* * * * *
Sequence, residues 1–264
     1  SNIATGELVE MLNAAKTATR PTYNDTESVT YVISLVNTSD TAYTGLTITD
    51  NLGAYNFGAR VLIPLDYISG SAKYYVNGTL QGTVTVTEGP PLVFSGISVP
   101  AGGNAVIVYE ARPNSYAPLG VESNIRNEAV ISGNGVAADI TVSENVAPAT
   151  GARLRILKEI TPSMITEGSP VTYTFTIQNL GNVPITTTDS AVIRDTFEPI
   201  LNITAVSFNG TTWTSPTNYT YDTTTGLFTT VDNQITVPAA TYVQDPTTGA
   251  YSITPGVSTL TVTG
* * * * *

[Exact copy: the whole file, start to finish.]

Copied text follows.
Sequence, residues 1–264
     1  SNIATGELVE MLNAAKTATR PTYNDTESVT YVISLVNTSD TAYTGLTITD
    51  NLGAYNFGAR VLIPLDYISG SAKYYVNGTL QGTVTVTEGP PLVFSGISVP
   101  AGGNAVIVYE ARPNSYAPLG VESNIRNEAV ISGNGVAADI TVSENVAPAT
   151  GARLRILKEI TPSMITEGSP VTYTFTIQNL GNVPITTTDS AVIRDTFEPI
   201  LNITAVSFNG TTWTSPTNYT YDTTTGLFTT VDNQITVPAA TYVQDPTTGA
   251  YSITPGVSTL TVTG